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Religious Life

Called to a deeper faith

Special Report Writer

Tennessee is not crowded with priests and nuns so Robert Bathe did not grow up in their company. Bathe was already 20 and a student at the University of Knoxville when the Smokey Mountain Deanery became the Knoxville diocese in 1988.

As a junior at Sacred Heart High School in Knoxville, he was invited on a “Search” retreat, an event that he likened to the Cursillo movement. “Search” provides “fertile soil for the Lord to connect with young people,” he said.

The retreat director invited Bathe to be part of the retreat ministry team in his senior year. At the university he got involved in the Newman Club run by the Paulists at the John XXIII Catholic Center. At the 5:15 p.m. daily Mass, “I met a lot of people who’d been to Medjugorje and for whom the rosary was an important part of their spirituality.” Of the 10 or 11 in the group, four have entered religious life.

But Bathe preferred fishing and agronomy. He took a job as a county soil analyst in North Carolina. One day he arrived to evaluate a site for a potential homebuilder “30 miles from nowhere” in the Black Mountains around Ashville at an altitude of 3,000 feet. When the would-be builder, Robert Warren, saw Bathe’s truck he rolled down his window and beckoned him to come quickly. Warren asked Bathe if he would pray with him and then, clutching his hand, Warren suffered a massive heart attack.

Bathe could not recall praying in more than a year, but recited one Our Father after another as Warren died in his arms. “I had my phone with me. I dialed 911. At the same time I knew God was calling me to something,” he told NCR.

As Bathe bent over Warren, “I felt my heart break open in prayer. I sensed life entering into me. I felt incredible energy and trust,” he said. “I believe God moves gently in most people’s lives. With me he needed a hammer.”

Bathe descended the mountain to tell Warren’s wife and three children that Warren’s last words were words of love for them. He then decided to dedicate his vocation to Robert Warren, an Episcopalian, even though his vocation had yet to be revealed to him.

For years whenever he’d thought about religious life for himself, he puzzled: “Poverty? No girls?” He had dated in Knoxville and Ashville. He feared the priesthood “was just a bunch of homosexuals having sex,” he told participants at the National Religious Vocation Conference meeting.

Nevertheless, he began to write to monastic orders from Conyers, Ga., to Collegeville, Minn. Like Jesus choosing 12 to be apostles, Bathe selected a dozen houses and hermitages of Benedictines, Carmelites, Franciscans and Trappists.

Eleven orders responded with packets of information. The Carmelites sent their vocations director to his apartment and invited him to a retreat. “I thought that was so cool, someone wanting to see me where I lived.” Upon arriving at the retreat house in Williamstown, Mass., he told God: “If you want me to be a Carmelite, show me a deer.” Into the woods quickly strode God’s four-footed response.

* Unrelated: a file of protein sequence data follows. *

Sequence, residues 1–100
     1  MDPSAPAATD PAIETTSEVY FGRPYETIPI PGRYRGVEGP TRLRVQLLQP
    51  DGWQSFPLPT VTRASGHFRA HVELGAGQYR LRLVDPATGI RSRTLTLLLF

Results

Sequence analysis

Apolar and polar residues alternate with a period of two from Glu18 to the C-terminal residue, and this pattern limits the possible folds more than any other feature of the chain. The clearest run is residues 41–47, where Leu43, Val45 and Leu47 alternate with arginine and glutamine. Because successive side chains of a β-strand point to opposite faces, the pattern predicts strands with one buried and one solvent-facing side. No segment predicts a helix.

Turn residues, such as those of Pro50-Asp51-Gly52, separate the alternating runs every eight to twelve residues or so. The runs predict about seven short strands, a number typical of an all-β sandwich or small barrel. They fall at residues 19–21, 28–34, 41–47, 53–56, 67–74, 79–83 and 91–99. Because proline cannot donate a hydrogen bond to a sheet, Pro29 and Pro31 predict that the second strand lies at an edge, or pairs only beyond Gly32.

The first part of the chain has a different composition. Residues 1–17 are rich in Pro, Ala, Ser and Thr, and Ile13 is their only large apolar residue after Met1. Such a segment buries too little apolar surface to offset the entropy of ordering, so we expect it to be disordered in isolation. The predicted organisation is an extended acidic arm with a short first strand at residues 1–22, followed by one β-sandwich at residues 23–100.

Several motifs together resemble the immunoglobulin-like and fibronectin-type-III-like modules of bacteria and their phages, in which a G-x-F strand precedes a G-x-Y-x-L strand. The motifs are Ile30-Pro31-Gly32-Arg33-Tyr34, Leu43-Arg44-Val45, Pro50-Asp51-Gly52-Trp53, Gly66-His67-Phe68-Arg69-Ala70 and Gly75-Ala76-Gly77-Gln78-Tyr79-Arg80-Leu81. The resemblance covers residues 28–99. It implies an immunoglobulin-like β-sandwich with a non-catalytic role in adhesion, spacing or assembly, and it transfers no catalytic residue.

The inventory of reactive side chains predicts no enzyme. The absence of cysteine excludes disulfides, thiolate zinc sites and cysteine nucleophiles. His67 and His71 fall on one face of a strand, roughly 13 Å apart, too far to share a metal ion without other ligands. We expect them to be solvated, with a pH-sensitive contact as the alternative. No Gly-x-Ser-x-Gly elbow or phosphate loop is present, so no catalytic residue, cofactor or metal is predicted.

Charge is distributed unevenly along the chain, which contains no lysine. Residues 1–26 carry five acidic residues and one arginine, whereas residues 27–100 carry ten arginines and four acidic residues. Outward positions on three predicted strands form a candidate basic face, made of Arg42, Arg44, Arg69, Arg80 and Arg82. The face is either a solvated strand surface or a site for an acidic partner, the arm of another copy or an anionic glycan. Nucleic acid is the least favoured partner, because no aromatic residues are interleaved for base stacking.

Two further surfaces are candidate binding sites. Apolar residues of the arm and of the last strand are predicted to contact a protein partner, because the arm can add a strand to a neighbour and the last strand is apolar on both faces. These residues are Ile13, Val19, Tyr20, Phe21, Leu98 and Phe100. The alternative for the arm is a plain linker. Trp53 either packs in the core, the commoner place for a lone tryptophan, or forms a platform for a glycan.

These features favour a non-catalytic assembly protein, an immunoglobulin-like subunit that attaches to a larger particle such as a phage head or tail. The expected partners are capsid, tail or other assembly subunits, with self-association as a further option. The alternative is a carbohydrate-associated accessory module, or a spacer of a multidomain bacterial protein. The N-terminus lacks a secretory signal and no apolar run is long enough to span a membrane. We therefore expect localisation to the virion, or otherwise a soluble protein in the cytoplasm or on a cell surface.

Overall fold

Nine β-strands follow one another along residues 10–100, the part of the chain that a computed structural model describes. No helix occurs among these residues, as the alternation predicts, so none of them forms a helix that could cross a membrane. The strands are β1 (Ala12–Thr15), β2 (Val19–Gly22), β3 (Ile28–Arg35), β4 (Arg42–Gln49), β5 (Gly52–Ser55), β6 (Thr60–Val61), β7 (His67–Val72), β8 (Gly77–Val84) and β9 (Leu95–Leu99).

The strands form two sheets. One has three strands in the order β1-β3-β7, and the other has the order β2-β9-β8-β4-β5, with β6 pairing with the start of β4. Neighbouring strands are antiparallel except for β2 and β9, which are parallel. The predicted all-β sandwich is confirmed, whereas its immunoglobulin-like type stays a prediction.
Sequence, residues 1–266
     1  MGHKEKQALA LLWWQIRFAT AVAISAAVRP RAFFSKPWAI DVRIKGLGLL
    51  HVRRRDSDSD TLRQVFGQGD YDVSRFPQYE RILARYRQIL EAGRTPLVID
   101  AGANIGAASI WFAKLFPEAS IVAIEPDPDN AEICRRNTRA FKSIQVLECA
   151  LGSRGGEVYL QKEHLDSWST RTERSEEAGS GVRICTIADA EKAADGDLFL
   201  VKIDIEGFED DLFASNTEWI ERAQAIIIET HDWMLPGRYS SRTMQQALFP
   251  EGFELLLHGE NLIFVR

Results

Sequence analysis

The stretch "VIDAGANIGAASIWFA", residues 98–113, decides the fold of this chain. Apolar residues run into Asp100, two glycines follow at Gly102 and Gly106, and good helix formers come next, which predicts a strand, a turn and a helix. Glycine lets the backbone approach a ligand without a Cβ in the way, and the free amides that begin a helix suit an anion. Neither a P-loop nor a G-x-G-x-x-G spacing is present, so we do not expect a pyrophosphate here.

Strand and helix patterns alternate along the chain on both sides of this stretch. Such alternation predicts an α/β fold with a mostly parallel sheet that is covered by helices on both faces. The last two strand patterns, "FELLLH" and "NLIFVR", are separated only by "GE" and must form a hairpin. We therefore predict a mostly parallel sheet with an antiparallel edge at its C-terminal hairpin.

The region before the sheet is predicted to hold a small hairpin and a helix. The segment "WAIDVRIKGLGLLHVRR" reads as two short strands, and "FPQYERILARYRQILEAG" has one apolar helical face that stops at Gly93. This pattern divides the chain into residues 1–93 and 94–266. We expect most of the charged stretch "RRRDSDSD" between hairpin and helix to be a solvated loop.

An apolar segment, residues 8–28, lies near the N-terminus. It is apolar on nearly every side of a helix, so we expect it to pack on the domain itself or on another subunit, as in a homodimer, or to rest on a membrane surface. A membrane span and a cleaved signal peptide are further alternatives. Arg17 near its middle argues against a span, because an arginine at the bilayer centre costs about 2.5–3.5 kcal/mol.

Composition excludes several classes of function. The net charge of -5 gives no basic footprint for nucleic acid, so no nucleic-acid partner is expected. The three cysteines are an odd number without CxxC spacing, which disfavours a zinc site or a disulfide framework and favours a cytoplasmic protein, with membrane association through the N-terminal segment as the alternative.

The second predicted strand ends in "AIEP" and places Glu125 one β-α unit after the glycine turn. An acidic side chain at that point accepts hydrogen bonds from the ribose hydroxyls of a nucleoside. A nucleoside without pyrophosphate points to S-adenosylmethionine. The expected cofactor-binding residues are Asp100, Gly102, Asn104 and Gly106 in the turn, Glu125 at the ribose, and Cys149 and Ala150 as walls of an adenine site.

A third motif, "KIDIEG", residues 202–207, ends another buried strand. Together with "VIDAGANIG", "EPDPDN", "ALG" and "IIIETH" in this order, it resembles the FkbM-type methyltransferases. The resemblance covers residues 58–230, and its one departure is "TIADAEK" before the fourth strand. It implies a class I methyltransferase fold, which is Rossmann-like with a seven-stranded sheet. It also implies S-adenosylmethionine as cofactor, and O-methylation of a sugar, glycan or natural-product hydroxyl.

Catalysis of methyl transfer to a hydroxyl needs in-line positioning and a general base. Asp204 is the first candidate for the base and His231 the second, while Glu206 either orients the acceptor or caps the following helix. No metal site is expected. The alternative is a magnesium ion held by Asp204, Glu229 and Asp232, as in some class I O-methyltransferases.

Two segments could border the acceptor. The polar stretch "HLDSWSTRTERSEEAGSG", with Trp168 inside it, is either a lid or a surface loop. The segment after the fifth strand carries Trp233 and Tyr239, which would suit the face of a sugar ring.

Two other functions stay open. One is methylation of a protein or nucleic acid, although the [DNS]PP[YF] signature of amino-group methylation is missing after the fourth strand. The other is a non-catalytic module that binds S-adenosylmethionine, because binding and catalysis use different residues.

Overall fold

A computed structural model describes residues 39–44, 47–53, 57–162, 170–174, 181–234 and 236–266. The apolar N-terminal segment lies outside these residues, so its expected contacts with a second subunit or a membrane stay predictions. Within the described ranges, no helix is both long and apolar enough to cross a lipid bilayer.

Last year Bathe took final vows as a Carmelite brother. Now in his third year of study at the Washington Theological Union, he will be ordained a deacon next Jan. 6 and hopes to become a priest in 2003. He is among nine men living on the third floor of the Carmelite White Friars Hall in Washington. All but one is in his 30s. Below him live some of the order’s great scholars like Frs. Roland Murphy and Jack Welsh.

Bathe finds the academic environment hard at times and feels that everything is being scrutinized. In addition to his professors, Bathe meets with his spiritual director every three weeks, his formation director each month, with the supervisor of his ministry weekly and twice monthly with a group psychologist. “I’m always talking about me,” he laughed.

“I’m still up on a high. I love my vocation. Theology has called me into a deeper faith. It’s turned me upside down” -- especially scripture scholarship, he said. Bathe was dumbfounded to learn there were 20 virginal conception stories in Mesopotamia and two creation stories.

The mystified notion he once had of religious life has been replaced by the reality that “these are regular guys living in community. We’re all struggling, we’re making the effort to be the best we can be, we’re walking on this ground.”

In choosing the Carmelites, Bathe “went with the wisdom of 800 years” even though he had considered newer, more conservative congregations that appealed to his “Southern evangelical bent.” The “incarnational spirituality” of the Carmelites who try to see the face of God in all those they serve attracted Bathe, who wants to work in street ministry.

Currently he is part of the interfaith Exodus ministries working in the Langston Terrace projects of Northeast Washington. He loves to wear his habit on the street, in parks or public places. When asked: “Hey dude, what’s that?” about his brown Carmelite robes, he responds: “Me, I work for the Lord.”

The neighborhood -- whose most visible citizens are drug dealers, addicts and prostitutes -- has a strong sense of community. “But what unites them also divides them,” he said. Bathe credits his love for being on the street to his stepfather who “made me deliver food to the poor when I was in sixth grade.”

In January a woman pushing her mother in a wheelchair outside the National Shrine in Washington approached Bathe to ask what the engraving on the shrine meant that reads: “Blessed are the Poor in Spirit.” The women were Romanian, and the mother had no English, but tears welled in her eyes when Bathe prayed over her.

“People don’t ask me for money. They ask me for prayer. I’m loved a lot on the street. It’s a call from God,” said Bathe, who believes that God is calling many his age and younger, “but many have not answered yet.”

National Catholic Reporter, February 23, 2001